Journal of Neurology

, Volume 260, Issue 3, pp 742–749

Ictal autoscopic phenomena and near death experiences: a study of five patients with ictal autoscopies


  • Robert Hoepner
    • Bethel Epilepsy CentreMara Hospital
  • Kirsten Labudda
    • Department of PsychologyUniversity of Bielefeld
    • Society for Epilepsy Research
  • Theodor W. May
    • Society for Epilepsy Research
  • Martin Schoendienst
    • Bethel Epilepsy CentreMara Hospital
  • Friedrich G. Woermann
    • Bethel Epilepsy CentreMara Hospital
  • Christian G. Bien
    • Bethel Epilepsy CentreMara Hospital
    • Bethel Epilepsy CentreMara Hospital
Original Communication

DOI: 10.1007/s00415-012-6689-x

Cite this article as:
Hoepner, R., Labudda, K., May, T.W. et al. J Neurol (2013) 260: 742. doi:10.1007/s00415-012-6689-x


Autoscopic phenomena in general may—among other conditions—occur during epileptic seizures and near death experiences. We set the hypothesis that ictal autoscopic phenomena and near death experiences have a similar semiology as measured by the Near Death Experience Questionnaire. We also investigated whether patients with aura before temporal lobe seizures with or without autoscopic phenomena could be distinguished by this questionnaire. For these purposes, we examined five patients with ictal autoscopy and 12 patients with aura before temporal lobe seizures without ictal autoscopy as controls. We used a cut-off of 7 points or higher on the Near Death Experience Questionnaire for indicating the semiology of a near death experience and for distinguishing patients with ictal autoscopy from controls. This cut-off separated patients with ictal autoscopic phenomena from aura before temporal lobe seizures without autoscopy (p = 0.0002, two-sided, exact Fisher’s Test; specificity: 100 % [CI95 % 77.9 and 100 %], sensitivity: 100 % [CI95 % 54.9 and 100 %]). Furthermore, all autoscopic patients (range 7–10) and none of the controls (range 0–5) had scores of 7 points or higher. Thus, the individual experiences during simple partial autoscopic seizures and near death experiences are similar, at least in some prominent aspects. These findings might be of particular interest for the pathophysiology of near death experiences, as all patients with ictal autoscopic phenomena had an epileptic dysfunction at the temporo-parietal junction or its neighboring regions. Therefore, a malfunction of this brain region might also be involved in near death experiences of other origins especially during states which could cause a near death experience and a cerebral excitability.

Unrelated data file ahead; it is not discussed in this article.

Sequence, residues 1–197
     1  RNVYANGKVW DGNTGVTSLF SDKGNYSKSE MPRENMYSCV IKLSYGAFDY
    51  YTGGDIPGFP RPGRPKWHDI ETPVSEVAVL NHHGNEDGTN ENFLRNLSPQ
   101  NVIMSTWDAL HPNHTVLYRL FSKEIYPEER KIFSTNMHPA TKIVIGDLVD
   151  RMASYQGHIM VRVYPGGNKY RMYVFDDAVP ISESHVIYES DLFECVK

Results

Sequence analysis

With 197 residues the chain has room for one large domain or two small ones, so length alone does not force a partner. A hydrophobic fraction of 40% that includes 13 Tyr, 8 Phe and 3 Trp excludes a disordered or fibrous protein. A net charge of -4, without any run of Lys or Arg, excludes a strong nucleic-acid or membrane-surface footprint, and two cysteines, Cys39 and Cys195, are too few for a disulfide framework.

Autoscopic phenomenaNear death experienceOut-of-body experienceTemporo-parietal junctionEpilepsy

Copyright information

© Springer-Verlag Berlin Heidelberg 2012